Tuesday, November 18th, 2008
It's Not Fun And Games Until Someone Loses An Eye
Review of Oh No Forest Fires' The War On Geometry
Kyle HuttonOh No Forest Fires are having a good time. That much is obvious, listening to The War On Geometry, the debut mini-album from the Toronto four-piece that follows up an excellent demo EP that has been kicking around for a while. Even though adding those four tracks to the seven on Geometry would have made for a more traditional-length album, their omission – as excellent as those songs were – is a sensible one. Compared to the new recordings, the songs from the EP were equally if not even more immediately and indelibly catchy, but the execution was more well-mannered and polite.
Geometry, on the other hand, is the sound of that band hepped up on pixie sticks, volume and nostalgia for how distortion pedals sounded in the ’90s. It’s bigger, louder and more abrasive-sounding, though the extra grit also helps those hooks stick just that much harder. Bursting with energy and ideas, it knows when a musical tangent is called for and when its best to simply take the shortest distance between two points to get the point across, particularly by means of big, loud power chords. It takes a skeleton of tempo shifts and melodic complexity that could only have been built by people who really know their way around their instruments, and decorates it in party hats, funny sloganed t-shirts and oversized sunglasses. It’s math-rock if math were singalongable and the most exhilarating subject in school.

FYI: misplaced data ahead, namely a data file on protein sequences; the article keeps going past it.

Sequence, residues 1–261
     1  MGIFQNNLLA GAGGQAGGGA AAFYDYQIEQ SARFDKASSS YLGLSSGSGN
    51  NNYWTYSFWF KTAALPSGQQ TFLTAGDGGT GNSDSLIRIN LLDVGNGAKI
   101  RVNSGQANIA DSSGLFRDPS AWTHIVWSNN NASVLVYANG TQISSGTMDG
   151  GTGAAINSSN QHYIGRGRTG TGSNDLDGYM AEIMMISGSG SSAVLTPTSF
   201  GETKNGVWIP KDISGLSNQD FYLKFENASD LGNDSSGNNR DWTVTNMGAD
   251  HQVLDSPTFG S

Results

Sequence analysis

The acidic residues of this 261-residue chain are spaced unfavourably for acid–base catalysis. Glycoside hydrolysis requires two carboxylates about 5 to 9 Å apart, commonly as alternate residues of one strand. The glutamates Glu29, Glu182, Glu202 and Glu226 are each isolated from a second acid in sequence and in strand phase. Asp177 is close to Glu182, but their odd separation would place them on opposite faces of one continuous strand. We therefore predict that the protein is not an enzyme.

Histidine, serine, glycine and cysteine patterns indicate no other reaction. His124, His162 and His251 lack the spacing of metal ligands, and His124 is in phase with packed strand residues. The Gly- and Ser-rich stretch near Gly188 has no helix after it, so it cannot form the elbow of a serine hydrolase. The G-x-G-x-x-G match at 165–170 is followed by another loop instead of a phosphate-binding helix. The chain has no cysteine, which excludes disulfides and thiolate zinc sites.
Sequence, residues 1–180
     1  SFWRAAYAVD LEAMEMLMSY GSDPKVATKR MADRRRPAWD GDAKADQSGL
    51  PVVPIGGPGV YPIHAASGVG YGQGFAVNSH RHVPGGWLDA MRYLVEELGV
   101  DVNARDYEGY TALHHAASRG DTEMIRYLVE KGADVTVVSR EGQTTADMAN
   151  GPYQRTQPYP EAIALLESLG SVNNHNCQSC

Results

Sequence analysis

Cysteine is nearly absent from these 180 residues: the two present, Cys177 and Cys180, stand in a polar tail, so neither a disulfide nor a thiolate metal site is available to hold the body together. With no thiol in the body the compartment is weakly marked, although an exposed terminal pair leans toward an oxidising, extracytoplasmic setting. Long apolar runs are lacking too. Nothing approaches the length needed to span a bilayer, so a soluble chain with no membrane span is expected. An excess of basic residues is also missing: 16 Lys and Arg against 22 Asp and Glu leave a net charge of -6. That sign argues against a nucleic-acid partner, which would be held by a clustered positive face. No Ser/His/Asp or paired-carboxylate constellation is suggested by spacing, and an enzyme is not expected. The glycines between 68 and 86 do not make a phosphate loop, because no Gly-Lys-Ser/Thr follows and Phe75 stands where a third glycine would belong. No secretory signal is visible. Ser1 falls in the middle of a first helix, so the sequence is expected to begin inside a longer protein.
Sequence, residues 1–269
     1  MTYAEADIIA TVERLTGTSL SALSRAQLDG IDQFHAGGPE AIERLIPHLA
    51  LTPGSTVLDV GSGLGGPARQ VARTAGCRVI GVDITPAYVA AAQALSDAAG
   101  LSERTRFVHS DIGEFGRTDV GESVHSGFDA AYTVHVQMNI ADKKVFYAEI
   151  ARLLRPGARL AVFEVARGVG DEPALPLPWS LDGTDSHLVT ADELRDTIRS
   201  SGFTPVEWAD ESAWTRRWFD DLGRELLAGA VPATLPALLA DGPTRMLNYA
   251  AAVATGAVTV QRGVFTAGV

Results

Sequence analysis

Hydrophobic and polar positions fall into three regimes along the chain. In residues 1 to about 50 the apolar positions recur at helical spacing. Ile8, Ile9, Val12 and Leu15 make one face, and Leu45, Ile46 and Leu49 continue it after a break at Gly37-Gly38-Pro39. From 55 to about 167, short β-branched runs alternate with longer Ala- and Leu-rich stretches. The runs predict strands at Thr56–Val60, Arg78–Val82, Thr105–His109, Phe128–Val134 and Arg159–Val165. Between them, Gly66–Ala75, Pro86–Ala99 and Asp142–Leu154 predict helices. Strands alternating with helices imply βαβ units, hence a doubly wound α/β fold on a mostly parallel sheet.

A lot of bands spend their careers trying to capture the energy of their live shows on record, and while Geometry doesn’t quite catch the full experience – I’ve listened to the album a good deal and haven’t yet had any of my musical equipment in the vicinity spontaneously demolish itself or find myself soaked in beer/sweat/other fluids – it does a good job of conveying just how… trying not to use the word “energy” again… animated the band can be whilst performing. I’ve seen them twice now and both times have been wonderful bouts of anarchy. And when they play the Horseshoe tomorrow night with Hey Rosetta! and Museum Pieces, both visiting from the Maritimes, I expect nothing less. Cover is $8, ONFF are on first at 9.
Chart has an interview with the band.
Though hard at work at the next Great Lake Swimmers record, Tony Dekker also crafted the score to Song Sung Blue, a forthcoming documentary about a Neil Diamond tribute act. Hear a couple of the pieces below and for clips from the film, hit up their YouTube channel.
mel.opho.be interviews the boys from Wheat about small successes and the link between their music and visual art endeavours. They’ve completed a new album entitled Black Ink and are aiming to release it in Spring 2009. Via Bradley’s Almanac.
The December 9 Noah & The Whale show at the Rivoli has been cancelled, as has the entire North American tour. As they explain in a MySpace blog entry, between their European tour commitments and working on their second record, they just couldn’t make it over. But they promise to return in March of next year, presumably scheduled around an appearance at SxSW.
The Chicago Sun-Times contemplates the fates of the Chicagoan bands set to conquer the alt.rock world way back in 1993.